The Lord used a number of trials in my life to knock me off my pedestal. I lost two friends to suicide, one when I was 11 and another when I was 13. These were earth shattering losses. Stomach in knots, crying until your eyes hurt, and many sleepless nights. I wanted a place to lay my weary head and heart, and there was no soft place to lay down in the house of legalism and religion. Just more rules, to-do’s, and a lot of “dont question God or get angry at him.” I began to leave my Sunday only religion, and begin to actually pray and talk to God at night when I couldn’t sleep. And in the mornings when I didn’t want to go to school. I listened to a lot of music, journaled some, and cried a lot. God was there through all the doubts, the questions, the anger, the frustration.

In college, I experienced another significant loss when my parents separated and divorced after 25 years of marriage. All I ever knew, all my stability and hope was in my family. I was in the middle of my college career and didn’t have any time to process the loss of my family unit. But I was surrounded by an amazing support system of friends and professors nonetheless. I spent my last semester abroad in London and had a life changing experience seeing London, England, Scotland, Ireland and Wales. Once all the classes were done,  I walked across a stage with a funny hat and a harry potter gown on, and some words were said and then I was suddenly done with college. I hugged a lot of people that day and haven’t seen many since that hot day in May 2015.

I was plucked from my current life and was placed back in my mom’s house in Northeast dallas. I had no job, no friends in the area, no money, no church home. Ground zero guys, and I hated it. I had dreams ya know, and it had been a few weeks since I graduated college and none of them had come true so OBVIOUSLY my life was over (sarcasm). My darkest moments were that summer. I doubted myself and I doubted God. they say the good thing about hitting rock bottom is that the only way you can go is up.  And as soon as I’d given up all hope, I looked up and saw a rope.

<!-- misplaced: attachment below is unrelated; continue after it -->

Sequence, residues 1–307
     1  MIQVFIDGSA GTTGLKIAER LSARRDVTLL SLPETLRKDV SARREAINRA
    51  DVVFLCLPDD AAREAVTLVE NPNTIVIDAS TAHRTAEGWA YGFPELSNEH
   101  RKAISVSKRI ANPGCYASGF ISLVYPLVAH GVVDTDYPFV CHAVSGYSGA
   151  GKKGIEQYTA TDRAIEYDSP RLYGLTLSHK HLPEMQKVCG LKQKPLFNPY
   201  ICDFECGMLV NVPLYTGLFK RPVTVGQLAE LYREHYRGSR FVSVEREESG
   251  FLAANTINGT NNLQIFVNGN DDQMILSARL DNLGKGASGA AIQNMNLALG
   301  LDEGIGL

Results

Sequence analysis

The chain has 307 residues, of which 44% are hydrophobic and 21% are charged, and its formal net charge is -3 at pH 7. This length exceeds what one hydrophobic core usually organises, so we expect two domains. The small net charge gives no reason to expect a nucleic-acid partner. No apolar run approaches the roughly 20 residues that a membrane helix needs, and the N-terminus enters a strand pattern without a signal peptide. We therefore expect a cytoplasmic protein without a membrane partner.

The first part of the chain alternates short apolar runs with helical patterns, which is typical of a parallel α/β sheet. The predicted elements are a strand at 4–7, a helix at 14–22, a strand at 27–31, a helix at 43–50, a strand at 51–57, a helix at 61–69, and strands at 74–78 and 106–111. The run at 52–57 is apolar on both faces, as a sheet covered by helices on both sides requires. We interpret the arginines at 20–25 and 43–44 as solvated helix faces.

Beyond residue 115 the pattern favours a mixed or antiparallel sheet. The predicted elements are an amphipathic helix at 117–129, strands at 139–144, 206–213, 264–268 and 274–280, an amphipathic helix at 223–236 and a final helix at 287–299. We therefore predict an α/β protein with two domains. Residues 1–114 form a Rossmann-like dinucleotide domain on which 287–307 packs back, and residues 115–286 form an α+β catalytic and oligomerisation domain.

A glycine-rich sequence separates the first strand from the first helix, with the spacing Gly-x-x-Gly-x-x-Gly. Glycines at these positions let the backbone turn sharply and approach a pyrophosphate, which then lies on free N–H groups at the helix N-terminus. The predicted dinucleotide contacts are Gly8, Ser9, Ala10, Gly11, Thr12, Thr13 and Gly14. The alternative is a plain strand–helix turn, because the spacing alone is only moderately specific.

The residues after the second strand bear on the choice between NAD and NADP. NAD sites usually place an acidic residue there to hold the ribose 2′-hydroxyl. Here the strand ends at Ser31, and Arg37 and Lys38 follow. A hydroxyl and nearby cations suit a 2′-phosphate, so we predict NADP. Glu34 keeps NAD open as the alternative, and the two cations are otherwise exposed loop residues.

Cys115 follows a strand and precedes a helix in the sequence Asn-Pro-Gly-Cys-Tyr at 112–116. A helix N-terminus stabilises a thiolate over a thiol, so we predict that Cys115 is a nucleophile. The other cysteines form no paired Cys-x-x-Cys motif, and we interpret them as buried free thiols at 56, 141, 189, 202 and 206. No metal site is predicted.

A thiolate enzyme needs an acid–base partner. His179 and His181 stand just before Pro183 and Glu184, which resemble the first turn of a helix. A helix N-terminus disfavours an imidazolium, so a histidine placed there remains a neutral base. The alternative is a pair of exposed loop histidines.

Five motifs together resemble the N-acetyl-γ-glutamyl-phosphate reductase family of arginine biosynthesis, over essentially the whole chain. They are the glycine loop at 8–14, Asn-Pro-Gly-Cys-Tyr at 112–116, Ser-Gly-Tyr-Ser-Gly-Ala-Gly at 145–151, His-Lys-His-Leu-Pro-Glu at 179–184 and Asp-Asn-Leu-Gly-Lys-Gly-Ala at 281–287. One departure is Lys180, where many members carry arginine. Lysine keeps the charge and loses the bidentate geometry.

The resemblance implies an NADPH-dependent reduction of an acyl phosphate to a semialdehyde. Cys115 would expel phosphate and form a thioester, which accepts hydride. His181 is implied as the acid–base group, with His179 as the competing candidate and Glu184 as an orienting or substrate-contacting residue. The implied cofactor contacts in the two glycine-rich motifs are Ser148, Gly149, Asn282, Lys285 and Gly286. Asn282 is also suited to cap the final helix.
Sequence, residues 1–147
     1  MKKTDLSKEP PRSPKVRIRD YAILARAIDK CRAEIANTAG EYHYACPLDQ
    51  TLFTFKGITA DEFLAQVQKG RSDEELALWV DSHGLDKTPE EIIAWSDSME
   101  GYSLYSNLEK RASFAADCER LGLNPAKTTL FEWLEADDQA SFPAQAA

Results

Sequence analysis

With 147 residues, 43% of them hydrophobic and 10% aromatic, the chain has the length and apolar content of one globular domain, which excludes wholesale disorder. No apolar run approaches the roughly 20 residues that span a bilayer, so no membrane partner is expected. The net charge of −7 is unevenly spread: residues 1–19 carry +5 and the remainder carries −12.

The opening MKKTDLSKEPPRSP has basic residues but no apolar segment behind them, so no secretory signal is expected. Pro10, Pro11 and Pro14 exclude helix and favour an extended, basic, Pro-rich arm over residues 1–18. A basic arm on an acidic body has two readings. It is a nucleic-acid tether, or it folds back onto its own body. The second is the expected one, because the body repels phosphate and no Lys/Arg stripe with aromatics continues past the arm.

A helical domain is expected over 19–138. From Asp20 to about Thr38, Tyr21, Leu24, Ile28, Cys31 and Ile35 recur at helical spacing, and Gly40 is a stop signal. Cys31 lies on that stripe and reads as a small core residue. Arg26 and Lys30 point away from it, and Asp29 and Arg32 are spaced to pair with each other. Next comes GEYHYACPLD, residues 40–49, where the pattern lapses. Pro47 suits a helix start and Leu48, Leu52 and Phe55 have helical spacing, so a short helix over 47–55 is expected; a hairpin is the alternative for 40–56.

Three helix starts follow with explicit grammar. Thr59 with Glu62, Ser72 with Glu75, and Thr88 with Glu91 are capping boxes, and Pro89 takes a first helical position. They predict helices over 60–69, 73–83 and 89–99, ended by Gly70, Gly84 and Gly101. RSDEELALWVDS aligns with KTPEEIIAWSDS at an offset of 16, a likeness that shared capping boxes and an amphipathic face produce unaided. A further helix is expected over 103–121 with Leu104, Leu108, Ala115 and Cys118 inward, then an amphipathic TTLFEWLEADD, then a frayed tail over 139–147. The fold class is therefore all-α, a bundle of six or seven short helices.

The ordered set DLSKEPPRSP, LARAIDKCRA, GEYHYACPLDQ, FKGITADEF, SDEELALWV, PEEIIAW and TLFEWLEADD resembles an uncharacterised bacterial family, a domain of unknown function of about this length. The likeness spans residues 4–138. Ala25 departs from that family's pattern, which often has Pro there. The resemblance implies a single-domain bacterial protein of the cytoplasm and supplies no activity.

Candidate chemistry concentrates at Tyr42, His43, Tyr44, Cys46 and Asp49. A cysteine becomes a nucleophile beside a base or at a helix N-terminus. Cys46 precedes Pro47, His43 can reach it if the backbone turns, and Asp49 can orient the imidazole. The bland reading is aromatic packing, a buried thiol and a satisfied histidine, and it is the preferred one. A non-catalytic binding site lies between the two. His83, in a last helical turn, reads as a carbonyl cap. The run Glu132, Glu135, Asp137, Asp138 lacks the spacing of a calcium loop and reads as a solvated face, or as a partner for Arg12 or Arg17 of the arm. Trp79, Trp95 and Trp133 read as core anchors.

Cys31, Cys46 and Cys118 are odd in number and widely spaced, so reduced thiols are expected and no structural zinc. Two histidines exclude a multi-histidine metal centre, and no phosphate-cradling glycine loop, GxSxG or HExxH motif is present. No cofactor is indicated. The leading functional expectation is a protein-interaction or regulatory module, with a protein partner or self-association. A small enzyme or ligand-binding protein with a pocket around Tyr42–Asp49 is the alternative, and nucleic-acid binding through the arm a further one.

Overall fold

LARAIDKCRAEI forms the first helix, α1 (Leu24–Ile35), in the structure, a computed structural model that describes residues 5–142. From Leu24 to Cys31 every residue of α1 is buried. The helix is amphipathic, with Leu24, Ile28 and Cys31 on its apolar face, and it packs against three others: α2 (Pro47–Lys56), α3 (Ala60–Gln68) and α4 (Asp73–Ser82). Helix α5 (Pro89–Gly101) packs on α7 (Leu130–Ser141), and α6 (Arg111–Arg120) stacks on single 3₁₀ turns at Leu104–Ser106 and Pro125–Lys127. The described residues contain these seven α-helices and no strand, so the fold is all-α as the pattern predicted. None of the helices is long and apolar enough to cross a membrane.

To be continued…will marlie ever find friends? does Marlie decide to travel back to London the next year to meet Chris pine? Will marlie hug all the cats in the world? all these answers and more next time on THIS HERE BLOG THING.

 

 

 

 

Weddings&Funerals

wedding

About a month ago I attended a wedding.  Two of my good friends were getting married. While picking out what to wear, I had unknowingly put together an outfit that was all black. “Marlie, you’re not going to a funeral,” I laughed. No, this was a time to celebrate. I found a grey sweater instead of a black one and headed out the door. That became a common theme throughout the day, you see, I’ve been to 7 funerals. I’ve done it:  Wear black, drive to the church, grab  tissues, stay strong, but end up crying in the bathroom, stand for the family, sit down, stare at the casket as the pastor says words you’re not listening to because  you know they can’t take the pain away, heart aching, stomach churning, get in your car and drive back home. It was such a relief to be going to a new church, in nice clothes and it not be for a funeral. On the drive over there, I was full of excitement, I entered the church and heard laughter instead of sobs, and  there were  smiles instead of solemn faces.

Instead of a casket, there was a beautiful couple standing on stage to stare at. Did I cry at the wedding? Yup, I sure did. Because they played the song from Beauty and the Beast during the wedding and that was not even fair. You can’t play  a beautiful song at beautiful events and expect me to keep my composure. All this to say, I’m thankful for the truth in Ecclesiastes. That there is a time for everything. A time for wedding and a time for funerals. A time for laughter, a time for mourning. A reason for every season under the sun.

Prodigal Cat (again)